Learning to Fly
Training and Solo certification process
Details of MAAA accredited training lessons here.
Model planes, and radio control model planes in particular, have come a long way from the days of balsa wood, tissue paper and dope -- and then a trip down the local park to see if it flys. But with this increasing sophistication has come all the added risks and responsibilities. The F3A Aerobatic models flown today are About 2 metres in length, 2 metres in width, weigh in at 5kg, are powered by 3.5bhp 23 cc motors turning 17 inch propellers. They are real aeroplanes in every sense of the word, it is just the pilot stays on the ground rather than flys in the plane.
Similarly, the disciplines and skills required to fly them safely are on par with those of a full size plane. From memory it took me 10 to 15 hours flying time to get to my first Solo flight in a full size plane, and similar time to achieve my Solo rating for a radio control model! The great thing About radio control models is that once you have learnt to fly them, you don't spend the next 40 hours learning how to navigate!!
So what does flight training entail? I would put it broadly in four areas:
I don't have any formal statistics but, by observation from my time flying, most of the incidents I have seen can be traced back to failures in the first two of these, not the third (and in the instances it is the third it is usually sloppiness on some basic disciplines).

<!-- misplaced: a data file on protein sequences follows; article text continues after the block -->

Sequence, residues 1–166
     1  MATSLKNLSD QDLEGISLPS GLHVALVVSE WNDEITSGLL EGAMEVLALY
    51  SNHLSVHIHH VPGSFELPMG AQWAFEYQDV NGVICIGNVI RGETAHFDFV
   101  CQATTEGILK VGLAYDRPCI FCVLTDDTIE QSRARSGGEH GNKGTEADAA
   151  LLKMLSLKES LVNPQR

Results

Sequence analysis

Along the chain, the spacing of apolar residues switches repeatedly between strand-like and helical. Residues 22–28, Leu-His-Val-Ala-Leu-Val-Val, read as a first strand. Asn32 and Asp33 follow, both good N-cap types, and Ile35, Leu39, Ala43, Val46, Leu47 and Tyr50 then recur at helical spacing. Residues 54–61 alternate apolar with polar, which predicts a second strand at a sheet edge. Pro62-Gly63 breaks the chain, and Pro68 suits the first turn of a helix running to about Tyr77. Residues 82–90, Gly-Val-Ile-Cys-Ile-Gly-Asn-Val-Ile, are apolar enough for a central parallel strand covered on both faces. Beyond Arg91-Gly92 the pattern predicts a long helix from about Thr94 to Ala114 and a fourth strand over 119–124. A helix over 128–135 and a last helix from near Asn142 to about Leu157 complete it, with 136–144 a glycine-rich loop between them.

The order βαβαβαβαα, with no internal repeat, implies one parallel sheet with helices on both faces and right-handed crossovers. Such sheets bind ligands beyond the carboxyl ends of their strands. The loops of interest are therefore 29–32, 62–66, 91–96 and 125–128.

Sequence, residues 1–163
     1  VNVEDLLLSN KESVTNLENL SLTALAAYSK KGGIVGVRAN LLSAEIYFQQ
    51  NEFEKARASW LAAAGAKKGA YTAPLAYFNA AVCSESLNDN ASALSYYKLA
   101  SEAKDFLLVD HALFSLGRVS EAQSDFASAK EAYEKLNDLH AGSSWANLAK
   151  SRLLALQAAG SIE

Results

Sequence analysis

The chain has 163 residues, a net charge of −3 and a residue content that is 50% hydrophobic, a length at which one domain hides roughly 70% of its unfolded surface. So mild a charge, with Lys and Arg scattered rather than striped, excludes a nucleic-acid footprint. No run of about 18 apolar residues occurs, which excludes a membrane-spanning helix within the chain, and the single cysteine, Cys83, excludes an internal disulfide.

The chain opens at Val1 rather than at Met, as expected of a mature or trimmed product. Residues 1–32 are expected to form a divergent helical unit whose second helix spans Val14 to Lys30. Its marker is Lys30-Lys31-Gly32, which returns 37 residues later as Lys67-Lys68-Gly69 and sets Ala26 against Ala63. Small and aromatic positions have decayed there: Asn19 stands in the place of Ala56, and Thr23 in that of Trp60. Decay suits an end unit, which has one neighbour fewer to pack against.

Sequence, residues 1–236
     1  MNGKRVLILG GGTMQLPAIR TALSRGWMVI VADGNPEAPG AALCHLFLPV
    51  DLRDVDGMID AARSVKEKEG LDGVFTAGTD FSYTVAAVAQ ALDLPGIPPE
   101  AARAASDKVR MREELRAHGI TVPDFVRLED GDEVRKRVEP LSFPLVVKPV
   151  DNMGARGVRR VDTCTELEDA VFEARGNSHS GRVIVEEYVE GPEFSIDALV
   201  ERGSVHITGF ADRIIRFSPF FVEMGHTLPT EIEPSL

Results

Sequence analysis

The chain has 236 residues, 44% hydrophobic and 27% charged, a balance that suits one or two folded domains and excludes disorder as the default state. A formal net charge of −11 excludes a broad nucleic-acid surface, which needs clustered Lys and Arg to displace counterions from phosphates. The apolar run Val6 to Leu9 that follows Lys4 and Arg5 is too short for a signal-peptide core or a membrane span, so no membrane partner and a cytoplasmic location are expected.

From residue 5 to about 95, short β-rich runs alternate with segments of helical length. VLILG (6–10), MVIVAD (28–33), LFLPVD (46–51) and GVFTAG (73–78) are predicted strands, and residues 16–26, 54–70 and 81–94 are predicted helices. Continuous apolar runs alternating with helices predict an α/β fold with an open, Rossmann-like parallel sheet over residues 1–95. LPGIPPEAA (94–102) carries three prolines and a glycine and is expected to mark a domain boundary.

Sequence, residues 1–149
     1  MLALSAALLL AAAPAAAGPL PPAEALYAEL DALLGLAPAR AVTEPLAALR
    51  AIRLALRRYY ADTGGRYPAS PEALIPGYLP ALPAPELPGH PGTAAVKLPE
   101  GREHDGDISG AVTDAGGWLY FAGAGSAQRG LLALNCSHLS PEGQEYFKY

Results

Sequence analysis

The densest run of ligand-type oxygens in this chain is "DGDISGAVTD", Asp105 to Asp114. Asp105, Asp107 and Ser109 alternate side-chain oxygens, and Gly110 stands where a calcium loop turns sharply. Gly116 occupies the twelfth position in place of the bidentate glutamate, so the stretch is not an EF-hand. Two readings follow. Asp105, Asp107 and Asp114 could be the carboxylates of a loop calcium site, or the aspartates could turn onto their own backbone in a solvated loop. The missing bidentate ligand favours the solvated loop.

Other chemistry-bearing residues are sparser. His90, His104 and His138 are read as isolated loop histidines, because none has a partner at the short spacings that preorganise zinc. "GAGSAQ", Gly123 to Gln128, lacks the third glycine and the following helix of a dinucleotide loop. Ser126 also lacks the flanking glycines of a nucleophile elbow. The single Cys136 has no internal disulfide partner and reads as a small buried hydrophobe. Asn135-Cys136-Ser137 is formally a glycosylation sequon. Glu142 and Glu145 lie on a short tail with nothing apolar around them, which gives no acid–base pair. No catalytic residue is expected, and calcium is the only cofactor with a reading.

For the training process we use stable, high wing models as shown in the Novices section of the site. Typically the model will be thoroughly inspected by one of our MAAA qualified instructors prior to its first flight, as will the installation of all the radio equipment, linkages and motor installation. Then, you will be briefed on the basics of the field, the frequency control keyboard and use of the radio transmitter. With all this done, the Instructor will take the plane up for you, trim it in flight so it is safe for you to fly (and may bring it down to make some adjustments), and when they are happy, help you learn to fly it -- first straight and level, then through turns. This usually continues (at least for powered models) until you can consistently fly neat rectangular circuits at a constant height. Once you can do this well, taking off and climbing to a safe height is easy. And landing involves flying a rectangular circuit (always!!) with lower throttle and a bit of up elevator at the end to 'flare' the model. The flying bit is that easy!
To get a feel for the non-flying aspects we suggest you read our Club Rules and Operating Disciplines.
Master all this, pass the relevant Doncaster Flight Proficiency Rating test -- and then the real fun and learning starts. More details on the requirements for, and availability of, training can be found here.
Still interested (and hopefully intrigued)? If you haven't done so already , 'come on down' and get to know us.
*** 19 August, 2018 03:37 PM +1000 ***
Last updated 19 August, 2018